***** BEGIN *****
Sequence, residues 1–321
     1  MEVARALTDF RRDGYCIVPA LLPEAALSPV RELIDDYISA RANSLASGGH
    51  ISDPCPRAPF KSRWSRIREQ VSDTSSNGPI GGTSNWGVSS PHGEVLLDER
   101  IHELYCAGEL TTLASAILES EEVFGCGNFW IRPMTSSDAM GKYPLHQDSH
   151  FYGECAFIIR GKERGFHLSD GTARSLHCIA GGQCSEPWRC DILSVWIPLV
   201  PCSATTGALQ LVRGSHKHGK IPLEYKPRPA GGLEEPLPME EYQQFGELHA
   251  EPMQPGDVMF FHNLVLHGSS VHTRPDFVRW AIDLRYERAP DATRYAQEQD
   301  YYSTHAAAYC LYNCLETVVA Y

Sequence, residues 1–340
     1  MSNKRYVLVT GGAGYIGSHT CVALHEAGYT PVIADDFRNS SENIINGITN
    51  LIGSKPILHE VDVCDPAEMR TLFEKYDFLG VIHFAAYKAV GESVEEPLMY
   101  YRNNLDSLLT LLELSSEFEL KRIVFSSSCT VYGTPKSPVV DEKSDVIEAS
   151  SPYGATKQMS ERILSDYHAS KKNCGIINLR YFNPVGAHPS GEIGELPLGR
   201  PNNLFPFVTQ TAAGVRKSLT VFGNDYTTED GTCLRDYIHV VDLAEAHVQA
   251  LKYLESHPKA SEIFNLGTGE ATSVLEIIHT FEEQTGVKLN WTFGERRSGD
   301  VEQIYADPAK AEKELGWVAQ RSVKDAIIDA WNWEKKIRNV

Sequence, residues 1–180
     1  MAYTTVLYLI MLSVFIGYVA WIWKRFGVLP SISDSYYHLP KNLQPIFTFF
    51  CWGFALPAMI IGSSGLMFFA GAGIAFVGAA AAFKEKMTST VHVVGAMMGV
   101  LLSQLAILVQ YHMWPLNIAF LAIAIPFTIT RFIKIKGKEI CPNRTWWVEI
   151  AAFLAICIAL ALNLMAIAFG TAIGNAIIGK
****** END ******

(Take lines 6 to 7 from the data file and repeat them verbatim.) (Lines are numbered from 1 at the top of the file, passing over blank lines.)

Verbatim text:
   201  PCSATTGALQ LVRGSHKHGK IPLEYKPRPA GGLEEPLPME EYQQFGELHA
   251  EPMQPGDVMF FHNLVLHGSS VHTRPDFVRW AIDLRYERAP DATRYAQEQD